Australia up in arms over plan to mine site of famous war victory

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The Independent Online

To Australians, particularly old soldiers, the Kokoda Trail in Papua New Guinea is a sacred site. It was where troops fought a bloody and ultimately successful campaign against invading Japanese forces. It has become a place of pilgrimage for Australians of all ages.

Now a proposal to divert the jungle trail in order to mine copper and gold is threatening relations between Australia and its closest neighbour. A mining company – Australian, ironically – wants to exploit its lucrative mineral deposits. The Canberra government is implacably opposed, and is seeking to protect the track through a World Heritage listing.

However, villagers who live along it have been promised 5 per cent of revenues, and are pressuring the PNG government to allow mining to go ahead. They accuse Canberra of interfering in the affairs of a sovereign nation, and recently blockaded the trail, preventing trekkers – mainly from Australia – from walking its 60-mile length.

A village leader, Barney Jack, said: "We have closed the track because we want the Australian government to listen to us."

PNG's Prime Minister, Michael Somare, is in an awkward position, as was reinforced during a visit by his Australian counterpart, Kevin Rudd, this week. Publicly, the two men were all smiles. But they were no nearer, it seems, to an agreement on the track's future. Before being elected last year, Mr Rudd said the plan to move the trail "absolutely stinks".

The series of battles fought on the Kokoda Trail in 1942 resulted in the first defeats of Japanese land forces in the Second World War. PNG was an Australian protectorate until 1975, and Japanese troops sought to take the capital, Port Moresby, through an assault via the track, which crosses a steep mountain range. They were eventually repelled.

Australia lost 625 men, and that figure would have been higher, Kokoda veterans say, had it not been for the "Fuzzy Wuzzy Angels" – villagers living along the trail who carried supplies and took injured soldiers to safety, feeding and caring for them. Now it is the descendants of those Angels who want the mining company Frontier Resources to be allowed to dig up the track. After blockading it, villagers brandished placards stating "Rudd wants fuzzy wuzzies to live in perpetual poverty".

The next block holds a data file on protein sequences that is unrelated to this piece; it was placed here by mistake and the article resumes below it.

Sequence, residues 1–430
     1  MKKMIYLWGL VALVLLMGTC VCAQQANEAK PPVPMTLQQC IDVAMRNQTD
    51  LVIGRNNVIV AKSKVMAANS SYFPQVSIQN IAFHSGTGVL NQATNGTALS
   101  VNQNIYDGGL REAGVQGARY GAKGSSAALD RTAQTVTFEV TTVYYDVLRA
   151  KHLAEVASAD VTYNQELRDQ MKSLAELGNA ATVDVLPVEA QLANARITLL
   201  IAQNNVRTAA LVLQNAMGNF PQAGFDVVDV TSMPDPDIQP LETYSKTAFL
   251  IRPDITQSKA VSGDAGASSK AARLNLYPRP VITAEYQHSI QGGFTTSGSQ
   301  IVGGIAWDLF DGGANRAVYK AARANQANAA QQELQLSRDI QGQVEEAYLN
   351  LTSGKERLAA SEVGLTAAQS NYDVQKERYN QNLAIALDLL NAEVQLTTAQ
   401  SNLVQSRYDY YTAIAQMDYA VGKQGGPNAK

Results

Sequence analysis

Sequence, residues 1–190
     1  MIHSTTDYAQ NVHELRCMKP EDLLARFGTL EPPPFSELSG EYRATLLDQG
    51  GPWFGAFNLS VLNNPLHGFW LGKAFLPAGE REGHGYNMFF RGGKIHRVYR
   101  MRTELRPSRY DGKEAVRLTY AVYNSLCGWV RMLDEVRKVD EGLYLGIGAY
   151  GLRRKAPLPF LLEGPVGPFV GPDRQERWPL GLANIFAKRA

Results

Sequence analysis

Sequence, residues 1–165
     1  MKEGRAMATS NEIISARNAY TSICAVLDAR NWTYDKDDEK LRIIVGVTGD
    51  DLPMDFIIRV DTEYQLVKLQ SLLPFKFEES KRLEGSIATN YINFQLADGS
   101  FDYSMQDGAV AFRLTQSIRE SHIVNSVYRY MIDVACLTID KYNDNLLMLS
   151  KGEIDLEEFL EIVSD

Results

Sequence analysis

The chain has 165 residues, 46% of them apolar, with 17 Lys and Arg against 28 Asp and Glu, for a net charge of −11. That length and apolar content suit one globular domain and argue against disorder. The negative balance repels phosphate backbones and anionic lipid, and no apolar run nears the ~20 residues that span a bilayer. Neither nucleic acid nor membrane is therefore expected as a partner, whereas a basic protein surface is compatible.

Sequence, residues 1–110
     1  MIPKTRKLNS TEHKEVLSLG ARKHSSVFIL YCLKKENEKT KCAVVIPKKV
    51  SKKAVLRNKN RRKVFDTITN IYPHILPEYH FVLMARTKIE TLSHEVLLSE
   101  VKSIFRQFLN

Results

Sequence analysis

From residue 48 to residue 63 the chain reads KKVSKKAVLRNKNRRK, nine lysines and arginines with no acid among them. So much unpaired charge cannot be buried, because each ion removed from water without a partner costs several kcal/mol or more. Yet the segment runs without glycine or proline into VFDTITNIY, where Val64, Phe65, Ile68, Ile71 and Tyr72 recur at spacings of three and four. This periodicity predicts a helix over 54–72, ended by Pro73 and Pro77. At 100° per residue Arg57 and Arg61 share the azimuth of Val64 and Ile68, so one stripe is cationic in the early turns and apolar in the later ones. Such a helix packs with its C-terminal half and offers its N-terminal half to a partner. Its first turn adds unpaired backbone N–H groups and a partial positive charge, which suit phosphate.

To complicate matters further, some trekking guides claim that the trail has been incorrectly mapped, so mining would not affect the original track.

The locals make money from trekkers, acting as guides and porters, and selling beer and soft drinks. But a stake in the mine, which is expected to reap A$6.7bn (£3.1bn) over its 10-year life, would be a different matter. Mr Jack said recently: "We want development, and we will do anything for development ... If you want to stop it, if you want us to stay in the old primitive ways, it means our independence is meaningless."

In Port Moresby, Mr Rudd – who walked the Kokoda Trail in 2006, on Anzac Day, when Australia honours its war dead – promised to protect the track. But he refused to guarantee it would not be disturbed. He predicted that a deal would be reached next month on a World Heritage listing, while safeguarding villagers' livelihoods.

Some believe that if Japan had triumphed, it would have gone on to invade Australia. Most historians reject that idea, but say Australia's victory ensured that Allied bases in northern Australia were safe from air attack.

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